In his recent piece about Britain’s claims be a functioning democracy being only skin deep, George Monbiot skilfully wove together the story of how different threads of power exclude the public. But there was one crucial component missing – that of the centralisation of power away from our localities: towns, cities, regions. That has been happening for decades with no sign of abatement.
Our experience so far in the pandemic shows the obviousness of the disaster that this is. For example, the need to use existing local structures for contact tracing has been dismissed in favour of a large contract being given to Serco, a private-sector company with no experience of such work that has had to set up from scratch, recruit and train staff, and then operationalise the scheme. This has given us delays and confusion just when we needed swift and effective action. Overall, a process that is not fit for purpose.
And this was not the first contract Serco was awarded during the Covid-19 pandemic. The Department for Work and Pensions also gave them a multi-million pound contract for emergency contact services for vulnerable people who were self-isolating: £45m but with the possibility of doubling this. This was not made public at the time; the government announced it a month after the contract was signed, when work had already begun. Once again, the government demonstrated no attempt to engage with local services, knowledge and expertise, preferring instead to award this lucrative contract to the private sector.
Since the Conservative Party came to power, local authorities have been systematically starved of cash so that much of their capacity has been sucked out. They have had their powers restricted and obligations imposed that prioritise central government demands. The result is that they now have to concentrate their efforts on meeting their statutory obligations over the multiplicity of other local needs. There is no wriggle room and they are woefully ill-equipped to manage a public health and welfare crisis of this magnitude.
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The government has steadfastly refused to inform, consult, plan or coordinate with local authorities and regional health structures in dealing with Covid-19. Instead, ministers have worked with their pals in the private sector, putting ideology before the nation’s interests. As Monbiot describes, our structures of governance do not give voters sufficient tools to challenge this: the Conservatives have a stonking majority in parliament despite gaining only 44 per cent of votes in the 2019 general election. The argument for a change in our parliamentary voting system couldn’t be clearer.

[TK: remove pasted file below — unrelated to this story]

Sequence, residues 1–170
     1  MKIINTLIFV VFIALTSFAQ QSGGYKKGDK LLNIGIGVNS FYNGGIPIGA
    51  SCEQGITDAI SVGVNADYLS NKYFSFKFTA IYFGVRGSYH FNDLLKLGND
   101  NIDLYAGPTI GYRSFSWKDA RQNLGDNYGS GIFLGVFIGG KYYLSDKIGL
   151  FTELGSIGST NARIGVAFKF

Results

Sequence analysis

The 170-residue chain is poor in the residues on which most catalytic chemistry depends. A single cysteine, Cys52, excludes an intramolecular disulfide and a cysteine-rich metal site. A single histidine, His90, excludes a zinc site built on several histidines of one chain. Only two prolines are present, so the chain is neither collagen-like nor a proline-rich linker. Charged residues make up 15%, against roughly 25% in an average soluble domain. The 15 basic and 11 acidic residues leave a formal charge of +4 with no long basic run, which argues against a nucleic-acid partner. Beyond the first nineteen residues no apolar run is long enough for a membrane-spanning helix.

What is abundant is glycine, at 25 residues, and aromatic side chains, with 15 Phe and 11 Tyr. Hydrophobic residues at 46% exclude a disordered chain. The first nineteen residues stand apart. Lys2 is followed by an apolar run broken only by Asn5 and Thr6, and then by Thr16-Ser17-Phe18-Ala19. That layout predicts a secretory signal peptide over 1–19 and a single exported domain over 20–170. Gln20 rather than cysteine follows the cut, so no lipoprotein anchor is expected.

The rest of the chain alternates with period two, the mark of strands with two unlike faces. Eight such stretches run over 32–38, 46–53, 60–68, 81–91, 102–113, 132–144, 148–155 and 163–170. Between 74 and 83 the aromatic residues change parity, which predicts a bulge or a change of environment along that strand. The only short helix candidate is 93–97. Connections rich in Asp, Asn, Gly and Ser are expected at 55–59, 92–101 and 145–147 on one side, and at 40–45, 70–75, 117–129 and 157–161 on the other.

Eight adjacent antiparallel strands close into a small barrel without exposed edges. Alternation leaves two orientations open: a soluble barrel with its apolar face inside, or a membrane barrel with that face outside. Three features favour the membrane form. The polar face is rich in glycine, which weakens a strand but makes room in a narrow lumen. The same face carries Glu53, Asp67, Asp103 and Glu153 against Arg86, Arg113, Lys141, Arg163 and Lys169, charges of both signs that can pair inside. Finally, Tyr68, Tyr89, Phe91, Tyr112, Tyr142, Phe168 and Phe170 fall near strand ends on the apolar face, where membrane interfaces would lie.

Meanwhile, the Guardian recently reported on how the ten-year-long austerity cuts have disproportionately affected poorer communities. Richard Watts, chair of local government association resources board and leader of Islington Council, was quoted as saying:
“It was very clear right from the beginning that Labour areas were being hit harder because of the way the government changed how central government funding for councils was calculated. They took away specific grants targeted at deprived areas, and later started stripping out the deprivation weighting from the funding formula.”
Some of us have known this for a long time. But issues concerning local government have been rated of such low interest by the mainstream media that these shocking facts have not received the attention they deserve. This has left most of the public largely unaware of the current state of affairs. We have been badly served by the press in not exposing these issues and keeping us informed about the local/central government divides, the power struggles and the systematic undermining of local democracy.
A different approach is needed: for our local democracy reporting and for our political governance. We need a parliamentary system and government that respects and empowers citizens; one that delivers a constitutional settlement that enables us to act in the interests of us all, not simply the few. Local empowerment, including through the media, must be at its foundation.